Check Out LLK6 (Included with this Issue)

This BYOL enables you to see and perform additional analysis sessions like the one featured in this article. On the LLK6, I'll guide you through the step-by-step interpretation process which can often be the most daunting task for a protocol analyst. Check out each of these labs on the LLK6. I've also included AVI files that demonstrate each lab. You can do the labs yourself or just follow along as I do the labs for you. Simply click on the "Self-Paced Labs" button on the main LLK6 window.

For additional self-paced labs and trace file interpretations, check out the Interpreting Trace Files section of "Laura Chappell's Master Library," a compilation of CDs and DVDs containing network and security analysis resources, training and trace files that is available online at The Master Library includes more than 50 packet-by-packet descriptions of traffic including DHCP, HTTP, attacks, Voice Over IP (VoIP) and 802.11 communications.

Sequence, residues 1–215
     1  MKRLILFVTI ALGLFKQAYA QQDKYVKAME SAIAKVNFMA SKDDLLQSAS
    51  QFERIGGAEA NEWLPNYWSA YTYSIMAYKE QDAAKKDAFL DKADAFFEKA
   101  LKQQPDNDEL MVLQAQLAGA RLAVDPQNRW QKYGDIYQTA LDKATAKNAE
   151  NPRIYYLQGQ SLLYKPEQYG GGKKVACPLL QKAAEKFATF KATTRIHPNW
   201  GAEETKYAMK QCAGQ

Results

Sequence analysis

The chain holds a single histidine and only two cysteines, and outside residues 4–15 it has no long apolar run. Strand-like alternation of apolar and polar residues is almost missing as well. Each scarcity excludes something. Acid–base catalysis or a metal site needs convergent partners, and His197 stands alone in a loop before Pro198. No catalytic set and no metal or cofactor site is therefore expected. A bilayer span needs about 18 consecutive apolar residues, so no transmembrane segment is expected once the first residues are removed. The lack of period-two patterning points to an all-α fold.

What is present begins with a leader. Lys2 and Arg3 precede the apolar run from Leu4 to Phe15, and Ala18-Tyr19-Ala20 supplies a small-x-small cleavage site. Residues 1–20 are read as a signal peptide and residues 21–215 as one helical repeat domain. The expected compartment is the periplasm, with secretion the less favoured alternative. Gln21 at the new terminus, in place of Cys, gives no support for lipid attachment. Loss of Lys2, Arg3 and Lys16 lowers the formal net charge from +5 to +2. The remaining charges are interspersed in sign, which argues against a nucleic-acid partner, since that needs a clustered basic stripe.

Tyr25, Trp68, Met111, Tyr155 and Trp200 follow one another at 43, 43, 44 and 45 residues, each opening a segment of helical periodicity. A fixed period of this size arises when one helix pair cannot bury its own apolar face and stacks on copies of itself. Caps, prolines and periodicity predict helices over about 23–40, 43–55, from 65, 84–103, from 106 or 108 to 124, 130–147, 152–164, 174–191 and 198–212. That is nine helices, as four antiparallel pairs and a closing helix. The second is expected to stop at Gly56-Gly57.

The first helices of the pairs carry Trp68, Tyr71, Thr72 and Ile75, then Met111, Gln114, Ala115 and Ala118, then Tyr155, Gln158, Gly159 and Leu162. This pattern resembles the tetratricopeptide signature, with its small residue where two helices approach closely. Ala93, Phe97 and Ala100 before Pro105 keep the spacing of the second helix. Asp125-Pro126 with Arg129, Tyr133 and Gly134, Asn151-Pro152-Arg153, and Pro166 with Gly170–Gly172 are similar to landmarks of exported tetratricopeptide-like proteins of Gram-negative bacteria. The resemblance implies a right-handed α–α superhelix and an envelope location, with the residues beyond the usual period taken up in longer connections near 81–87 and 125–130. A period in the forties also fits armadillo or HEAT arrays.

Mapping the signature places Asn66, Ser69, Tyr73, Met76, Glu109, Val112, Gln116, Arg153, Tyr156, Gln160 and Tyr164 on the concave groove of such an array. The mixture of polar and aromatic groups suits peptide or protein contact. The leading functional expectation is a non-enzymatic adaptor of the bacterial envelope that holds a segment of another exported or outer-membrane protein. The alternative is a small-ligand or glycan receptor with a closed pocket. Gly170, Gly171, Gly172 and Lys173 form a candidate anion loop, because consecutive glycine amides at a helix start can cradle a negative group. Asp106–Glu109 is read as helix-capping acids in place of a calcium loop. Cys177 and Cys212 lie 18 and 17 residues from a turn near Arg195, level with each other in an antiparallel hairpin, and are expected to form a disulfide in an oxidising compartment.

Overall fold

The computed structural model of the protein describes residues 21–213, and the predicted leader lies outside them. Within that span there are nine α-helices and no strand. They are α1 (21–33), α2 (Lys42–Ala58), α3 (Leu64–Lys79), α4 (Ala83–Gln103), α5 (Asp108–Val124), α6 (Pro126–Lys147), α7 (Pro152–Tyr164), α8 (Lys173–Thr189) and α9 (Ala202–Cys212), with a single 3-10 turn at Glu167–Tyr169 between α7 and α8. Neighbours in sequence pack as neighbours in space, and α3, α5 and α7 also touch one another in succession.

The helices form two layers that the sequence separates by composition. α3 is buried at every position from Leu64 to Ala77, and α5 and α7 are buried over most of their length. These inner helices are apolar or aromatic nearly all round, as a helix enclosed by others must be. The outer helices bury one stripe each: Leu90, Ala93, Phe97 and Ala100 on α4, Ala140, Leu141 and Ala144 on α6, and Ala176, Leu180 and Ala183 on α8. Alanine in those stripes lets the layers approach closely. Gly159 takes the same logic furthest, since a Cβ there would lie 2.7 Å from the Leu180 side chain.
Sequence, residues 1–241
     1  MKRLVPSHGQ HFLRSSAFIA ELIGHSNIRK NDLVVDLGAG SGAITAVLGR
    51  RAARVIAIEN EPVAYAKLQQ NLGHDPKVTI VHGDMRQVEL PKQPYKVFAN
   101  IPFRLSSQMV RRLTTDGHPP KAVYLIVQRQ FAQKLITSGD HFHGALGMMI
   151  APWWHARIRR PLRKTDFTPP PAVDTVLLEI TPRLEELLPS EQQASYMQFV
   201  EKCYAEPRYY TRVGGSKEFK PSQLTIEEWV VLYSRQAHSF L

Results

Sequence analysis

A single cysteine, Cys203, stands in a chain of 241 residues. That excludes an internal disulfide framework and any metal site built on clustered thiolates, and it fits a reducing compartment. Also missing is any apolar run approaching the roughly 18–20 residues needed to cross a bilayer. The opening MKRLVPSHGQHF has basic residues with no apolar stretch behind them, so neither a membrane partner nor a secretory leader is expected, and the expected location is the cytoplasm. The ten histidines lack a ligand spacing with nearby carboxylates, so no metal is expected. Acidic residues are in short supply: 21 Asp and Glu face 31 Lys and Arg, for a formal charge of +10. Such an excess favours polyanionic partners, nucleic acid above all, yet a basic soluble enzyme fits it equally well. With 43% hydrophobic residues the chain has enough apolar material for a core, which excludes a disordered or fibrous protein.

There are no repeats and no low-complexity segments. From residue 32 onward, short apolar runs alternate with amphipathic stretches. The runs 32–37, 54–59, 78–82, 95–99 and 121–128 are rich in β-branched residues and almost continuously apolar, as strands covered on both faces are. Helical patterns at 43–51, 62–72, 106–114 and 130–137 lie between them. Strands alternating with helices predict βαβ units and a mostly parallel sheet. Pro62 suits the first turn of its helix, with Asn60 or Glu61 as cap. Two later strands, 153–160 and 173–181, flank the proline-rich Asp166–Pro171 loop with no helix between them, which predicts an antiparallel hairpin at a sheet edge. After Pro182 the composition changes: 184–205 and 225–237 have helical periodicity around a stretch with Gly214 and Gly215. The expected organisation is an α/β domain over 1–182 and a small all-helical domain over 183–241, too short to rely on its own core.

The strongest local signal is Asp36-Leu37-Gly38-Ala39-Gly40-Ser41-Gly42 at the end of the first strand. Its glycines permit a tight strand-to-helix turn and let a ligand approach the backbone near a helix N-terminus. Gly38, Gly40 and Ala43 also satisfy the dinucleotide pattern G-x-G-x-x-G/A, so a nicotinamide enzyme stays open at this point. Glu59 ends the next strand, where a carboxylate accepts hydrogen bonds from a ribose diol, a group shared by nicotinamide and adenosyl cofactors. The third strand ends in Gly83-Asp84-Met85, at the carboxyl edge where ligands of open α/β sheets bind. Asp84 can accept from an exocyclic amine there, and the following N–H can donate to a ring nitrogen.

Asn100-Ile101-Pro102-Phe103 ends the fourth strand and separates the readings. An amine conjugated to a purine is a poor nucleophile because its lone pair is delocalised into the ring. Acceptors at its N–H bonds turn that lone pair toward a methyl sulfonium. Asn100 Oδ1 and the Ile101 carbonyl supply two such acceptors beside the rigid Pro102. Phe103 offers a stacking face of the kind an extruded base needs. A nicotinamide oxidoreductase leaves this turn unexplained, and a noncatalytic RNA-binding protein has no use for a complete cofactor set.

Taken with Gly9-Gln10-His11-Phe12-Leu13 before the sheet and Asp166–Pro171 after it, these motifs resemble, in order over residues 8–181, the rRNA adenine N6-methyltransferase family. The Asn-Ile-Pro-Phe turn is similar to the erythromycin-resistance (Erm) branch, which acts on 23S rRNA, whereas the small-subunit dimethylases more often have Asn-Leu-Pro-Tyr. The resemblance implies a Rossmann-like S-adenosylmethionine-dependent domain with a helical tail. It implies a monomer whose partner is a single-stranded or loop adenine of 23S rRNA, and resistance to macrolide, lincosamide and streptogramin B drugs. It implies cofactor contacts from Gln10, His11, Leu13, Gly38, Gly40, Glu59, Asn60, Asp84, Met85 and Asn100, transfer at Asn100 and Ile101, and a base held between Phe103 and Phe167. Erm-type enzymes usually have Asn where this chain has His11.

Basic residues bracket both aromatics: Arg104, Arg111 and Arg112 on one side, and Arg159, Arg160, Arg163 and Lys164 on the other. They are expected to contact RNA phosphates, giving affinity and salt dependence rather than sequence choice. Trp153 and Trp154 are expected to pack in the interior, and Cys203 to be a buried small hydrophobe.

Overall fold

Inside Laura's Lab Kit v6 (LLK6)

Amazing! This is our sixth year producing the Laura's Lab Kit. This year's version carries the theme of Russia and IMHO, it's our most interesting and comprehensive resource for tools, training and trace files. The following lists some of the tools and training included on it:

LLK6 Tools

  • Achilles: a Man-in-the-Middle and proxy Web server

  • Ad-aware: spyware/adware detection and removal

  • AIM Sniffer: (demo) AOL Instant Messenger session recorder and viewer

  • AiroPeek NX: (demo) wireless protocol analyzer

  • Cain & Abel: full version of this software billed as a "password recovery tool" (but it does much more)

  • Camtasia: (demo) a graphic/audio capture tool used to build the self-paced labs

  • Captain Nemo (See Figure 6): (demo) multiplatform file manager (Novell, Linux and Windows file systems)

  • Davory: (demo) file recovery system